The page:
Monday, July 7, 2014

Is Perception of Beauty an Evolutionary Trait?

New York-based artist Marc Latamie began his career in 1970s Paris, where he was a student of the Art History and Visual Art departments at Université Paris 8. After graduating, Marc Latamie pursued his own artistic career, one based on the idea of universalism. Today, his works can be seen in numerous exhibitions and publications.

The artistic movement known as universalism is an extension of the idea of aesthetic universalism. A concept studied by various scholars throughout the years, aesthetic universalism attempts to identify elements that human beings find aesthetically pleasing regardless of their cultural background. Extending beyond artistic taste, aesthetic universalism stems largely from evolutionary psychology and anthropology.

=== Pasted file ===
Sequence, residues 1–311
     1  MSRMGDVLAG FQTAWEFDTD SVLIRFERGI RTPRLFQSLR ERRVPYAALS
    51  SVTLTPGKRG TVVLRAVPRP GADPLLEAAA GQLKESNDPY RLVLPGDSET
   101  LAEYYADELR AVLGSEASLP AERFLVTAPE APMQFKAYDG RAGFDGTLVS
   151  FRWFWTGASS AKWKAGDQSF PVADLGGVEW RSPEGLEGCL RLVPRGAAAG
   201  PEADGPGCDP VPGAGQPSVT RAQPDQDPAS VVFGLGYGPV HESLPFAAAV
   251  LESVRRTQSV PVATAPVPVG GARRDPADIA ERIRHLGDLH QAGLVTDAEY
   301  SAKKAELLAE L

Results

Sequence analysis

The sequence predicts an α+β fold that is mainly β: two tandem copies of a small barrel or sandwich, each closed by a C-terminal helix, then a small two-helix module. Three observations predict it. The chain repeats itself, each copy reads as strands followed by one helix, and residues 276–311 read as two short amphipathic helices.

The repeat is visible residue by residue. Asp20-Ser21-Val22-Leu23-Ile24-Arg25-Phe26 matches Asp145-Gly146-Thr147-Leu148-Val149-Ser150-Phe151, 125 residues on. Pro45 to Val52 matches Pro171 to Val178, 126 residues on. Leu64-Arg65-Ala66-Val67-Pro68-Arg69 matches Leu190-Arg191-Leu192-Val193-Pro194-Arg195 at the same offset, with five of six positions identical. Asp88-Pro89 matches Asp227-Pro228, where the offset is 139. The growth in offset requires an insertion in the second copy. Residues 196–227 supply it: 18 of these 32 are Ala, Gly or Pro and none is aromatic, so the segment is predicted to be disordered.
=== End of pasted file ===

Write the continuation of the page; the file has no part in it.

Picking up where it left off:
According to the works of many scholars of the topic, certain human tendencies such as enjoyment of foods with fats and carbohydrates are part of evolutionary psychology; those who enjoyed these foods had more offspring than those who did not. Similarly, studies have shown that humans from a wide variety of cultures share preferences in the pictorial content of art, including color and types of landscape. For many, this supports the argument that the perception of beauty, like other evolutionary traits, is universal.

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